Judith Tonhauser (Ohio State University & Universität Stuttgart),
The constraint-based approach to pragmatics assumes that listeners
integrate probabilistic information from multiple sources to identify speaker
meaning (e.g., Degen & Tanenhaus, 2019). This talk motivates a constraint-based
approach to projection, the phenomenon whereby listeners can infer that speakers
are committed to an utterance content even when that content is in the scope of
an entailment-canceling operator. For instance, to identify whether Cam, who
utters the question in (1), is committed to the content of the clausal
complement, listeners integrate information from multiple sources (see, e.g.,
Tonhauser, Beaver, & Degen, 2018).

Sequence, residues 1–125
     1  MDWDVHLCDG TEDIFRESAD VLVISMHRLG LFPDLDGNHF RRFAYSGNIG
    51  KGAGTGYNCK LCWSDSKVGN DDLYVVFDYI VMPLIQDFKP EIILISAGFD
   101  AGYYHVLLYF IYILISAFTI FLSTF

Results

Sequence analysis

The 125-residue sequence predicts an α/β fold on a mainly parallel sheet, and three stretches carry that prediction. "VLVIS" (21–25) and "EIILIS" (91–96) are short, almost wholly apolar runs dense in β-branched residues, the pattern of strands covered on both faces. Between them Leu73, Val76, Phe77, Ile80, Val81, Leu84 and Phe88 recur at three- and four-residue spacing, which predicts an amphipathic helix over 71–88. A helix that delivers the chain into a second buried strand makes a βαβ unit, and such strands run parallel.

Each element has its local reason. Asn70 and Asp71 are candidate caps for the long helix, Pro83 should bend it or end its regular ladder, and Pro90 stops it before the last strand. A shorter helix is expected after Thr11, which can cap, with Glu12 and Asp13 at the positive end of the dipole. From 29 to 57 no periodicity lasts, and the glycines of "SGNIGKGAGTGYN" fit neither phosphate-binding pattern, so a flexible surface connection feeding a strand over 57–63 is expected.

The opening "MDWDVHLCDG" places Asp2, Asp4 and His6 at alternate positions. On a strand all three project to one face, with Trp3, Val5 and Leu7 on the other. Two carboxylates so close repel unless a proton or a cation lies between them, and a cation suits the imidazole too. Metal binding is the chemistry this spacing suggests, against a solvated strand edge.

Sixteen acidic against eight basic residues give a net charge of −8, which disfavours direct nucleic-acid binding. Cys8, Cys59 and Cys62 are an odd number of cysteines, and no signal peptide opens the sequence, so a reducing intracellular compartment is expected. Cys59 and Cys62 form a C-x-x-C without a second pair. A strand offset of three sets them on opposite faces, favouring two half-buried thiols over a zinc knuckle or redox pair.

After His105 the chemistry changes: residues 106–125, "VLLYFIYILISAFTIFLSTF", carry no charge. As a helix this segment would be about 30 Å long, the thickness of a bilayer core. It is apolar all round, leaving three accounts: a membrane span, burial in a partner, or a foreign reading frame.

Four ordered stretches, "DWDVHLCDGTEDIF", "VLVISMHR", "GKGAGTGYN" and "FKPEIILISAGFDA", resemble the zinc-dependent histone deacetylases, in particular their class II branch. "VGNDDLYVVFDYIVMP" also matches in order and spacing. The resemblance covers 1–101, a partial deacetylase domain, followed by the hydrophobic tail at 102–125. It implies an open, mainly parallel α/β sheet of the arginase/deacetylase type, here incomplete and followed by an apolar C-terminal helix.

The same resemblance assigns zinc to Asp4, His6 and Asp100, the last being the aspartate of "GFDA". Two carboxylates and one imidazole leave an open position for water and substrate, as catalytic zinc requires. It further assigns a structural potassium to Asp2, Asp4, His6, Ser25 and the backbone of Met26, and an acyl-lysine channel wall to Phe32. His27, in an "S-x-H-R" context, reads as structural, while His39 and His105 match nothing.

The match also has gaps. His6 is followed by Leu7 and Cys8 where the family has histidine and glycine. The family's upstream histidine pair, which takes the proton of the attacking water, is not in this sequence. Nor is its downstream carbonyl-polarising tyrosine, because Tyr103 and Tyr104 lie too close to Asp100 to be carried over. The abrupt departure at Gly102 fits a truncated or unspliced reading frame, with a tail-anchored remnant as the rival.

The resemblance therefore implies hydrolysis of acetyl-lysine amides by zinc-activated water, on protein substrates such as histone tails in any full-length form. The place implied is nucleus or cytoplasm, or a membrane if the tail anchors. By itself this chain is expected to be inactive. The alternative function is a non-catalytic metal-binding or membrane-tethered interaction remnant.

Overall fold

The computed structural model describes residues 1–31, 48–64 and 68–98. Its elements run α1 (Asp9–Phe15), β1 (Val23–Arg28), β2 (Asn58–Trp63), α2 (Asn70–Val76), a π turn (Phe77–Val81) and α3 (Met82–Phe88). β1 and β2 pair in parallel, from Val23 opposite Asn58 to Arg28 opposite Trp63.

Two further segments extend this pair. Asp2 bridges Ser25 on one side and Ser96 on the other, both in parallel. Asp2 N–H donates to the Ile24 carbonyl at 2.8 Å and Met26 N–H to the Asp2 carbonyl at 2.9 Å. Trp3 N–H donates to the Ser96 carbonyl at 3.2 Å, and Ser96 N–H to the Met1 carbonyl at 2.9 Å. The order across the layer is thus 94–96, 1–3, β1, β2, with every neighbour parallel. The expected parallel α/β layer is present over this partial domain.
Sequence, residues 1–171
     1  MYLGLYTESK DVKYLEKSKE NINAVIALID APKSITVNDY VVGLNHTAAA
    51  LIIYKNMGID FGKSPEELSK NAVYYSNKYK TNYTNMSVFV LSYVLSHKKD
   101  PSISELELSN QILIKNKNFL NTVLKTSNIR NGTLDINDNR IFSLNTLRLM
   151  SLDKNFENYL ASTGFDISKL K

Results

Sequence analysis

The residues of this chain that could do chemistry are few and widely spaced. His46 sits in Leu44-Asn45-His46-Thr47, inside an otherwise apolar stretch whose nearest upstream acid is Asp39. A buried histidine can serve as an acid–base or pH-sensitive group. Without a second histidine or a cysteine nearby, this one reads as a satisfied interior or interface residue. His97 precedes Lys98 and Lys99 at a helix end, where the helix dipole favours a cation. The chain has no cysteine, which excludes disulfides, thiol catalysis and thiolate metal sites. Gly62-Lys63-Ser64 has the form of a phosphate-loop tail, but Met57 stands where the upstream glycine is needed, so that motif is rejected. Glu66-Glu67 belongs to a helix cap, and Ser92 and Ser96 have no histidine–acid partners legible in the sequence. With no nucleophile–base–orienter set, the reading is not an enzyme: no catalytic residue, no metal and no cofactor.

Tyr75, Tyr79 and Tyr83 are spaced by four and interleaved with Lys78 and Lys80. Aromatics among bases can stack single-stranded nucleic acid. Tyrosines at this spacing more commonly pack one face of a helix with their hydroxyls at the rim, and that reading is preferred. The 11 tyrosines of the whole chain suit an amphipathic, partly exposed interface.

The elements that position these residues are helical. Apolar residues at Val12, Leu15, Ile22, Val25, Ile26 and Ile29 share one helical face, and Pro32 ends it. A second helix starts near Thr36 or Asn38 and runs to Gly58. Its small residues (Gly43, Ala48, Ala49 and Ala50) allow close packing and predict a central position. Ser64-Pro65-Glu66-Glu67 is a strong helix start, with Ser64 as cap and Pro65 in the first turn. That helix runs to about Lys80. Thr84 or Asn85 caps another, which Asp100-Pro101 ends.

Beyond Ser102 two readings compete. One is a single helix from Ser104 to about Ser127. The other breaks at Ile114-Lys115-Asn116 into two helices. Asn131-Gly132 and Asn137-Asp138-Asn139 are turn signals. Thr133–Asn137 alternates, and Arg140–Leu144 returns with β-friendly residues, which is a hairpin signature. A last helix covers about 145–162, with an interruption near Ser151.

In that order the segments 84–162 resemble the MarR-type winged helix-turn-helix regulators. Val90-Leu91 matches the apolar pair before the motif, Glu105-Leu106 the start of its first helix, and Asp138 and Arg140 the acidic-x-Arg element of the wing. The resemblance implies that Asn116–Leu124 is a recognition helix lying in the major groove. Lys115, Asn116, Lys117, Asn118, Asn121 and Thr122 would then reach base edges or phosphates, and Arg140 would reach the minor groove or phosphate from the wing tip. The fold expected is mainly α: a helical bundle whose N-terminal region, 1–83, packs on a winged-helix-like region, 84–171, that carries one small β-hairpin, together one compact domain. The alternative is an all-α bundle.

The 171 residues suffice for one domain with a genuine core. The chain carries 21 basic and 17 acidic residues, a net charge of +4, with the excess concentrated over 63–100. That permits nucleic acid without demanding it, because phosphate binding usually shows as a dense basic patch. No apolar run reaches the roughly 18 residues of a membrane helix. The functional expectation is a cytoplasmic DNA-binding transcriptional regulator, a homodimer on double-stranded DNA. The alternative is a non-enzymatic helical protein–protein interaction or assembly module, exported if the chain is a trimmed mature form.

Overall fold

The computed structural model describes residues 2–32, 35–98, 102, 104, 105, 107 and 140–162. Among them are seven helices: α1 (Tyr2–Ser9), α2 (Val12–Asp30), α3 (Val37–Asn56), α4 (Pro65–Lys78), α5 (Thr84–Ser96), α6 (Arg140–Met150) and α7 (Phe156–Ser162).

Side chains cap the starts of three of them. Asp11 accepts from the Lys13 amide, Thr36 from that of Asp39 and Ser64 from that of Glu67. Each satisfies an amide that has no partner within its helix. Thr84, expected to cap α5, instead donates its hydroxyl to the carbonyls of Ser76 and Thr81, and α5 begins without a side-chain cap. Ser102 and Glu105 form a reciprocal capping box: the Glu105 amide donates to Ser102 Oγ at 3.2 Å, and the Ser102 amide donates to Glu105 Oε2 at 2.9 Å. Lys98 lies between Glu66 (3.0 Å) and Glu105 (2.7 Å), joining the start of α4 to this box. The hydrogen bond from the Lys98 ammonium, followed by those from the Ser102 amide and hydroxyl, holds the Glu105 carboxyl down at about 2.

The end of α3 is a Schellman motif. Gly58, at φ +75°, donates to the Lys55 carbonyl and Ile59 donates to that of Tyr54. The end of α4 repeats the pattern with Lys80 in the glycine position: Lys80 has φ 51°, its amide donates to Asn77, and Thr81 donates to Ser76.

(1) Cam: Did Kim discover that Sandy’s work is plagiarized?
From the constraint-based perspective, the overarching research question then
is: which information sources do listeners rely on in drawing projection
inferences in the domain under investigation and how is the information from
these sources integrated? In this talk, the constrained-based approach is
empirically motivated on the basis of the findings of two comprehension
experiments that reveal two novel information sources that influence
listeners’ projection inferences: (i) the lexical content of the predicate
and (ii) listeners’ prior beliefs. By forcing us to confront the multiple
sources of information that listeners rely on in drawing projecting inferences,
the constraint-based approach brings out a multitude of new research questions
about projection cross-linguistically.
Degen, J., & Tanenhaus, M. K. (2019). Constraint-based pragmatic processing.
In C. Cummins & N. Katsos (Eds.), The Oxford handbook of experimental semantics
and pragmatics (pp. 21–38). Oxford, UK: Oxford University Press.
Tonhauser, J., Beaver, D. I., & Degen, J. (2018). How projective is projective
content? Gradience in projectivity and at-issueness.
Journal of Semantics, 35(3), 495–542.